Does Juror Misconduct Mean You Will Win an Appeal? Not Always

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Does Juror Misconduct Mean You Will Win an Appeal? Not Always

June 19, 2019

Does Juror Misconduct Mean You Will Win an Appeal? Not Always

Jurors have specific rules they must follow while they are on a case. If they do not, then the case results may not be valid – but only in certain situations. Keep reading to learn what those situations are and then contact The Mattern Law Firm at 310-342-8254 to request a free legal consultation from an attorney.

Examples of Juror Misconduct in California

The term juror misconduct covers many different acts a juror may take that are not allowed under the jury rules. The misconduct they take may affect the outcome of the case but it does not always. Examples of juror misconduct include doing their own investigation with evidence that was not introduced in court, talking to people (other than the jury) about the case, talking to other jury members about the case when the full jury is not present.

If a juror refuses to deliberate or conceals provable biases during jury selection, then they have committed jury misconduct. If a criminal defense attorney or prosecutor becomes aware of said misconduct, they can bring it to the attention of the judge and the offending juror may be dismissed or a mistrial may be declared. If the case is over, then a new trial may be granted.

Juror Misconduct is Not a Guarantee of a New Trial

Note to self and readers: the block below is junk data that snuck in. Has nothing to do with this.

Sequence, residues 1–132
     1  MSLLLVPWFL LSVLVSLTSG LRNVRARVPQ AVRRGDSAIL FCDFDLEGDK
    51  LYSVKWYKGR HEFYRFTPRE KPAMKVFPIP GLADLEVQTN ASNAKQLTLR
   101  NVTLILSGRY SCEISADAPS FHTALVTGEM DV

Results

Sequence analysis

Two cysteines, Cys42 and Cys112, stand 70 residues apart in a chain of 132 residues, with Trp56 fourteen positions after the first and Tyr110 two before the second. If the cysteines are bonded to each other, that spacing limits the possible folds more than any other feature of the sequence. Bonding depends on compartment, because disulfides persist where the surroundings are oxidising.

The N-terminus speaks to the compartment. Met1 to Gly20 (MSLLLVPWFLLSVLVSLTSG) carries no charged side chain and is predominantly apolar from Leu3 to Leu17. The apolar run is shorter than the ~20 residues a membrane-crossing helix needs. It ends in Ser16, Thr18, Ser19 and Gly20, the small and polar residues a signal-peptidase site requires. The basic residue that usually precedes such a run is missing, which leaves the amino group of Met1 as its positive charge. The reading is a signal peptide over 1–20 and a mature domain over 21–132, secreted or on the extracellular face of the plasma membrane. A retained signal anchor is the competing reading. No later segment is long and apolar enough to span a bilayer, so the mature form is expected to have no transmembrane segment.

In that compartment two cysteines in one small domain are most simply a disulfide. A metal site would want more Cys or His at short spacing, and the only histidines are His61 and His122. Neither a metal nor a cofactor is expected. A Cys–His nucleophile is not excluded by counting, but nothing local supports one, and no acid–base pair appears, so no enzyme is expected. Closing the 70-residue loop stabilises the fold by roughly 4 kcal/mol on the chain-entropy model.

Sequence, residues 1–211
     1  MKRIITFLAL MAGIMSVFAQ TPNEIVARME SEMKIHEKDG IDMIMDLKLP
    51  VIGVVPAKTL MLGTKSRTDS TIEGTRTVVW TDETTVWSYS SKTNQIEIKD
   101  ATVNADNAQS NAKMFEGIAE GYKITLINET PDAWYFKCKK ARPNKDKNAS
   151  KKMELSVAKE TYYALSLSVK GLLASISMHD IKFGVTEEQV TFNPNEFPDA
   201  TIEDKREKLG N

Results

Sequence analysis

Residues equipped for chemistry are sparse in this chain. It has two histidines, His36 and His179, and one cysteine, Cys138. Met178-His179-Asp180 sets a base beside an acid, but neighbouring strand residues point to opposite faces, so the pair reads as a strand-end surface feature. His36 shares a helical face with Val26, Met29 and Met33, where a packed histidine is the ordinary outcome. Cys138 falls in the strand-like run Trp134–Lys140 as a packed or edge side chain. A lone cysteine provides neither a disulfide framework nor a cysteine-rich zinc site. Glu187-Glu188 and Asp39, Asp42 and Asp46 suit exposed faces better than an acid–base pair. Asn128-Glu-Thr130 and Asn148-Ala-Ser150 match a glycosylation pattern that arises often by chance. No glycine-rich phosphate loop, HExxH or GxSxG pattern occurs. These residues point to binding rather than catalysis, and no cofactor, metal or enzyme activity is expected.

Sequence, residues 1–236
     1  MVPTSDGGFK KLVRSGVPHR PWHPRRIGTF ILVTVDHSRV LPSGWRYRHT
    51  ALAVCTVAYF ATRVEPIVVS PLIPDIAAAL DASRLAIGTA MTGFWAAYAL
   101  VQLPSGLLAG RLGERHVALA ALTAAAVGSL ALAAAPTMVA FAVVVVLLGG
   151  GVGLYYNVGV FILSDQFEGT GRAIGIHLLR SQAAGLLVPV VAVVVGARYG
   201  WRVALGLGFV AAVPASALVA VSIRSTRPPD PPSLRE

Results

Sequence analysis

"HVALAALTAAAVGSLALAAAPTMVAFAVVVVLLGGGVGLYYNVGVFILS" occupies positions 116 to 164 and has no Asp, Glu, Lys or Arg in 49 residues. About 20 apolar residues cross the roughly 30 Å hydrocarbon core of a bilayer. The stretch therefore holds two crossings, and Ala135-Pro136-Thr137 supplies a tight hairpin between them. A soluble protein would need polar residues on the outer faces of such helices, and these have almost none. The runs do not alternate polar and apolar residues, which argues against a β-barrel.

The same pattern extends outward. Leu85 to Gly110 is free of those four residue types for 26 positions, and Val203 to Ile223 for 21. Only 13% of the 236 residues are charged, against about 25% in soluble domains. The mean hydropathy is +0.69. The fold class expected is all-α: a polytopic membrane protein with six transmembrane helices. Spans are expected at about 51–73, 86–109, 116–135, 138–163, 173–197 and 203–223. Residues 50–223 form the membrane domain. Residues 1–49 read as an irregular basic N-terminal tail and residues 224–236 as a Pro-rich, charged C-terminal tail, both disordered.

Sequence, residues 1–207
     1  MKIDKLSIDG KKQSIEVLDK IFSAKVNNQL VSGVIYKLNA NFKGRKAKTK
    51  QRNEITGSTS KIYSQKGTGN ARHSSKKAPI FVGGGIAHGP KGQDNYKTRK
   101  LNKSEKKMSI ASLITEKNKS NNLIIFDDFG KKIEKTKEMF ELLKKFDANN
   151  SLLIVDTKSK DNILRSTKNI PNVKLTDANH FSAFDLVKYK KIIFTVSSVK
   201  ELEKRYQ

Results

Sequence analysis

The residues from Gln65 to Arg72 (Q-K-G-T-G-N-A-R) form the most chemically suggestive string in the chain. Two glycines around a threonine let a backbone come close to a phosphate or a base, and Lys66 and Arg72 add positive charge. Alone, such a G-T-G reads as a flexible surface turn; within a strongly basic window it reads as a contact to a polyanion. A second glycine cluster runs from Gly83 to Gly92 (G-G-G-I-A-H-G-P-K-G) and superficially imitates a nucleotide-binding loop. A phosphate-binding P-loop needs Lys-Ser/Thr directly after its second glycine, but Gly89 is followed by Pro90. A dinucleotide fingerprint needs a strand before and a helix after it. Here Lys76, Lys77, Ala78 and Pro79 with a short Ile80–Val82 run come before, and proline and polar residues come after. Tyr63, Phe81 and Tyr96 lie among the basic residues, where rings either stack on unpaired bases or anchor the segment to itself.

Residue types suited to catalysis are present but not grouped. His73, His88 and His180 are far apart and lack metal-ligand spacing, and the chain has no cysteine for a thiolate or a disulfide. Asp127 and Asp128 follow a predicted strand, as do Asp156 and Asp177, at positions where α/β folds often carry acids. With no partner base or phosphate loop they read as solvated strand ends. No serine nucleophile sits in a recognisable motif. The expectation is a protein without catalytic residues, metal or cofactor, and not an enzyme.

Even if you are able to prove that there was juror misconduct in a trial that resulted in a conviction, it is not a given that the judge will order a new trial. The court will actually look not just at whether or not the misconduct happened, but whether it likely impacted the outcome of the case.

For example, if tow jurors got together and discussed the case outside of deliberation, but it is determined that their conversation was not one that would likely have impacted their vote on the case, then the judge may not order a mistrial or a new trial.

On the other hand, if the court finds that it is likely that one or more juror was influenced by this misconduct, then a new trial may be issued. For example, if one juror read a news article that included additional evidence that was not included at trial, and then shared that information with the jurors, this can likely have affected their vote.

Do You Believe You Have Grounds for a New Trial? Talk to a Criminal Defense Attorney

If you or a loved one has been convicted of a crime in which a juror or several jurors did not follow the rules, then you may have grounds for a new trial. The best way to get the answers you need is to contact The Mattern Law Firm at 310-342-8254 for a free initial consultation.

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